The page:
The term «risk» is an entire science in the world of finance. Banks and insurance companies need mathematical models to cope with the increase in business arising from modern financial products, such as options or share funds. And methodic knowledge from the universities is more needed than ever. In 1994 this trend led to the creation of «RiskLab» at the ETH Zürich; a think-tank where theoreticians and practitioners come together to mathematically analyze financial risk.
«How much money will we have made by the end of the day and with what probability? Or lost?» These are the questions that increasingly occupy the minds of fund managers at financial institutions. With the advent of new financial instruments, information on the global markets more quickly available, and new risk structures, the business of finance has become ever more complex.
This was one of the reasons for two professors at the Swiss Federal Institute of Technology in Zurich (ETH) to found RiskLab within its Department of Mathematics. «RiskLab» guarantees an innovative form of collaboration: here, practitioners and mathematical scientists come together to split hairs. «We're a research centre where methodical knowledge of mathematics, insurance and finance mathematics are brought together, and we have our say when it comes to practical matters» is the way Hans-Jakob Lüthi und Paul Embrechts put it, on whose initiative RiskLab was founded.
Preceding this event, a director of one of the big Swiss banks had knocked on the door and suggested tying the competencies of the university and the world of finance together. In 1994 «RiskLab» was created and moved into its own quarters at the ETH Zurich with sponsorship from the Credit Suisse Group, the Swiss Bank Corporation and the Union Bank of Switzerland (the latter two later merged to form UBS). A little later, they were joined by the reinsurance company Swiss Re, while Freddy Delbaen, professor of mathematical finance at the ETH Zurich, completed the group of academics.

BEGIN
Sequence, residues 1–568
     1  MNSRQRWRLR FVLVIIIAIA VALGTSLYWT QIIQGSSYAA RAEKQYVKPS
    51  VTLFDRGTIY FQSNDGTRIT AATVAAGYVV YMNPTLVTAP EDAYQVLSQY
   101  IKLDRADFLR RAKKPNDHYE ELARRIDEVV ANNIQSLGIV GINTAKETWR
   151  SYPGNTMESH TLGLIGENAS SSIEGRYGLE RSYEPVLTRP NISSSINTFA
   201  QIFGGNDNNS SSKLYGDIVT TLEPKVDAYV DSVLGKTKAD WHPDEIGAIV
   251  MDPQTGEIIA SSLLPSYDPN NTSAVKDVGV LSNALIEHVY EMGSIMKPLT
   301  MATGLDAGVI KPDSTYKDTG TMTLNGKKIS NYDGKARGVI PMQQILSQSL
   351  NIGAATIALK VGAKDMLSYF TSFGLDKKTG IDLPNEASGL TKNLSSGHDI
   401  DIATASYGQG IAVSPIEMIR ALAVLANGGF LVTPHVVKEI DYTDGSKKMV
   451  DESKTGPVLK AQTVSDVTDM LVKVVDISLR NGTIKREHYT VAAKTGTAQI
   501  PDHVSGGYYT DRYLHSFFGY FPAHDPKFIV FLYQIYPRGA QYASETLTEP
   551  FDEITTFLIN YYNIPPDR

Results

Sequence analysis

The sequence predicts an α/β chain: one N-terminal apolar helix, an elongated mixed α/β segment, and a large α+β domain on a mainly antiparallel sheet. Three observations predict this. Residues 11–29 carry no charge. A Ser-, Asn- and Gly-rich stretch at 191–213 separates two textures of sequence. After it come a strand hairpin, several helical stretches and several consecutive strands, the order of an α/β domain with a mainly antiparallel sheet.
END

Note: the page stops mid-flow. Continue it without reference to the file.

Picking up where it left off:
«RiskLab's» research activities are devoted, among other things, to a better understanding of risk using quantitative models. Its goal is to develop practical risk measurements based on a few well-chosen core activities of the market, such as interest rates, share prices, exchange rates or commodity prices. «We want to be able to predict what influence all market components have on a company's investment portfolio» explains Paul Embrechts. In addition, such a risk measurement system should help fund managers to gauge their risk exposure. It would also give insurance companies a better way of predicting certain risks, «say, the risk of hail damage to cars». As Hans-Jakob Lüthi puts it: «At RiskLab we want to make the area of risk more visible in the landscape and provide finance companies with sophisticated instruments to help them to decide which risks to enter into and which they should try to avoid».
Other projects being carried out at «RiskLab» are concerned with fair pricing, and questions which arise from the liberalisation, for example, of the telecommunication sector or electricity providers. Freddy Delbaen explains: «If an electricity company sells options at a fixed price or if a telecommunication company gives a customer a contractual guarantee of fixed access to the network, then the provider needs re-insurance. And one must have appropriate finance mathematical instruments to determine and weigh all relevant factors» he says.
In the near future, RiskLab will be complemented with competences in the field of economics because interest in its work is growing outside academia. Lüthi, Embrechts und Delbaen envision a firmly-established centre at the ETH Zurich with the participation of other departments of the ETH and other universities. «There are very few fields of research where academic and economical interests have so much in common as they have at RiskLab» say the professors, «and the possibilities of collaboration are truly fascinating».
RiskLab's success has already led some institutions outside Switzerland to establish their own risk research units. It does not bother the ETH professors that these have even gone as far as to call them «RiskLab». «Our only aim in this regard is to make sure that Zurich remains a centre of competence» they all agree.
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